The weather has been great so there haven’t been any white knuckle horror stories to tell. I can’t rant about the cold or the heat; it’s simply been perfect temps. Training was awesome and there were no eventful moments to share. Things have been going so smoothly and have been so uneventful that I’m becoming paranoid that a good blog is just around the corner. Here’s hoping that it is about Bruce and the yellow bib!!
Speaking of blogging, there was a new addition to the IPPSSDR website with regular blogs by Lloyd Gilbertson. It was interesting to read about Aaron Peck’s strategy to stay away from all the other teams and the comparison game that inevitably occurs. This struck a funny note with me as he couldn’t be more accurate. I read this blog this evening and laughed because of how true it is. When you are with a group of competing mushers the comparison game is inevitably going to happen. You must be prepared for it.
While running the trails this past week I intentionally ignored the other teams. I didn’t look to see how they were moving. I didn’t turn around to see where they were. I looked only at my dogs and my GPS. I didn’t watch them feed and tried to just ignore all teams within my vision. I was like a 5 year old covering my ears and singing, “la la la la la LA LA LA I can’t hear you!” Despite my nursery school efforts, little comments that floated around kept trying to seep in. I found myself starting to question things as my worry wart ways took over. As I ran the dogs I’d be looking at each dog and crazy thoughts would start. “Boy that dog looks weird. No one is on their tug. It feels like we are crawling. The leaders have lost their edge. My gawd, that can’t even handle 28 miles how will they handle 50? We should just pack it in.” Then I’d look at the GPS and the dogs would be flying and I’d have to stand on the pad; which would bring back a little confidence. Thankfully, Bruce is unlike myself and is very confident in the team and what we’ve done for preparation. The comparison situation does not faze him. He’d come in and say, “Man that was an awesome run!” I’d nod and hang my head in shame. Then to make matters worse, if your own mind doesn’t mess with you, there are always mushers out there that like to get into your head for you. It’s called mind games.
There’s always the musher that is setting land speed records with their dog team and climbing mountains faster than the speed of light. The same team always has great stools, eats everything put in front of them and is so hydrated they could put out a 3 alarm fire with one leg lift. It’s no surprise that these super dogs are never injured, have great feet that never get fissures and are capable of running all 8 days in a row. Mushers playing psychological warfare often make little comments about your team. “Wow, you have a lot of red dogs. Did you ever hear that red dogs are more injury prone?” “I don’t like furry dogs, they cause wind drag.” Worse, they comment on your training, “Wow, you’re doing a 30 miler? I haven’t done one all season!”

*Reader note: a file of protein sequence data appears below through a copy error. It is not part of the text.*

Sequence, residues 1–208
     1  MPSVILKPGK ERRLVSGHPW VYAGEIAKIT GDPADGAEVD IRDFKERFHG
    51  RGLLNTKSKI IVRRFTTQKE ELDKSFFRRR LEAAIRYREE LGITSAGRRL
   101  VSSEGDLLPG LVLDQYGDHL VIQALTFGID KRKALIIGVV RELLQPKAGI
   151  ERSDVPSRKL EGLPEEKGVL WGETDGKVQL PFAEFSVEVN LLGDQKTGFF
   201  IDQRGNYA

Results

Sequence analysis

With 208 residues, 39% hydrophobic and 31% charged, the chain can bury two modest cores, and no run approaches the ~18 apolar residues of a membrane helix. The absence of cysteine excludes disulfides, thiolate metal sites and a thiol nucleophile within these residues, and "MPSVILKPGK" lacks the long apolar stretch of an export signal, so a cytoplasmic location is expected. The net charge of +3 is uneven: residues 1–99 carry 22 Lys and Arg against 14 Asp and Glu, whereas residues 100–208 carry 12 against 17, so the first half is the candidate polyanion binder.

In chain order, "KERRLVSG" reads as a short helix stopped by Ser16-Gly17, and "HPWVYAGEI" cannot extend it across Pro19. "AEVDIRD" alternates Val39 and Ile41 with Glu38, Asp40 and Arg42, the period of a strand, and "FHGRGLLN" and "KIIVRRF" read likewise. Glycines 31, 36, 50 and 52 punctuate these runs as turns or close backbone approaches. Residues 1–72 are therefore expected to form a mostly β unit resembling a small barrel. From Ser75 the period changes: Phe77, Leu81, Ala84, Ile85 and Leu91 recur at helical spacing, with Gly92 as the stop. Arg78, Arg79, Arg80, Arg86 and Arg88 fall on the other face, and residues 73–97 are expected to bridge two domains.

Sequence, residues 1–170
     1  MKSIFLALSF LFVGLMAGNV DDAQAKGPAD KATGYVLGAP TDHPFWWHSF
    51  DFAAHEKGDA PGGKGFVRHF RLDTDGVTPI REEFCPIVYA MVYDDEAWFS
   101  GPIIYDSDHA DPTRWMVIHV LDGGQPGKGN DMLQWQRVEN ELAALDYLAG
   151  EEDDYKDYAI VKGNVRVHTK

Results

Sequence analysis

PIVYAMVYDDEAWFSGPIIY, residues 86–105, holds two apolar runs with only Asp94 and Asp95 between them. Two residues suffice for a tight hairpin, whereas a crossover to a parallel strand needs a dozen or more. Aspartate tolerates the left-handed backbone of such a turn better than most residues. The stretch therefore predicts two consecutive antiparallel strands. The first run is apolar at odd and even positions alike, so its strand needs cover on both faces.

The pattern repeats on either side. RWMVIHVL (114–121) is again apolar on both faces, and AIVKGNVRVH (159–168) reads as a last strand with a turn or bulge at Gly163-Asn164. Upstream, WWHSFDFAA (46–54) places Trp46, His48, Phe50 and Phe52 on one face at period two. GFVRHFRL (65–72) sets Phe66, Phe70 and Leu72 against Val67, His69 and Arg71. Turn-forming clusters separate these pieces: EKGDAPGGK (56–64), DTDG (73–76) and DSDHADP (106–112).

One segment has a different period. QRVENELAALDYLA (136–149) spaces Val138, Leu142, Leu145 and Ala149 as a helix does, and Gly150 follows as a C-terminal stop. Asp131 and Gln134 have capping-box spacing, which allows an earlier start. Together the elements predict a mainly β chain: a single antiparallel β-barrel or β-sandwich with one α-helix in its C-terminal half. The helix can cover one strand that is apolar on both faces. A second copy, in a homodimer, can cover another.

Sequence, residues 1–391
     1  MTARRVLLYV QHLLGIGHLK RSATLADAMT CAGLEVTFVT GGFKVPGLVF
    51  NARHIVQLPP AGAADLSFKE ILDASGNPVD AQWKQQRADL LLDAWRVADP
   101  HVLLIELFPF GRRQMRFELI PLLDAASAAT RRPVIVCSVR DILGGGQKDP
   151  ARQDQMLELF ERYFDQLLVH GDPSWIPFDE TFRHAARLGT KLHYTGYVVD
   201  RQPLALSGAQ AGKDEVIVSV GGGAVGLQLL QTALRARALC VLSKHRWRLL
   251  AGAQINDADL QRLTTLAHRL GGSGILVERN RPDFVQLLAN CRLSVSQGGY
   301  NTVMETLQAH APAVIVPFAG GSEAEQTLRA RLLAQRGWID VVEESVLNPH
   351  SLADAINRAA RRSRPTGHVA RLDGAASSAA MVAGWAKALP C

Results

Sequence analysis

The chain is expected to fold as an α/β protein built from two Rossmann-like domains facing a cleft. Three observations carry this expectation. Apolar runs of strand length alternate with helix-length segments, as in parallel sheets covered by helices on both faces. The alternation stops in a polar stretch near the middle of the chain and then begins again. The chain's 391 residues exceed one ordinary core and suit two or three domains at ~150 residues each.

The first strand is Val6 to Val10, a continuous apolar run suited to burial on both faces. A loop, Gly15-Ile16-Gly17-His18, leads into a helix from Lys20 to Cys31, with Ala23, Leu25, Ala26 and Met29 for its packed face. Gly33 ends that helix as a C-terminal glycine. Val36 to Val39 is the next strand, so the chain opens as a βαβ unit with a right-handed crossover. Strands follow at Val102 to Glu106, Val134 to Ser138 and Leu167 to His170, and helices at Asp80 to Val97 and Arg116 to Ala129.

If you let this crap in, it can impact your mental focus and inevitably your performance. You can start to question and lose confidence in your team. You start to see all your red dogs bobbing with potential injuries. You swear the furry dogs are running slower; must be wind drag. You consider shaving them. You really panic and cut back all your runs to 5 miles. This drives you to steer away from your game plan and get sucked into their game plan. This is BAD!
We were laughing this week at how many different training strategies that mushers are using. Everyone is doing something different; it’s really quite funny to listen to. Talk about 100 ways to skin a cat. Truly, only the teams that have multiple wins under their belt have a proven and successful method. The rest of us are partially clueless as we seek the elusive win. This makes you realize the power that those winning teams have. They could tell everyone that they do 100 5 mile runs with no day off and a whole host of mushers would be running 5 miles 100 times. If they announced that they watered their dogs with Red Bull; the local stores would be empty. This is a crazy sport with many unanswered questions and a continuous learning curve. It could drive a person mad; hence the large fallout of mushers after a bad season.
So we made it through comparison week unscathed and sane. We are ready to head into the Hole for some serious racing. We will be wearing our blinders and ear plugs until the start of Alpine from which point the trail will tell the story.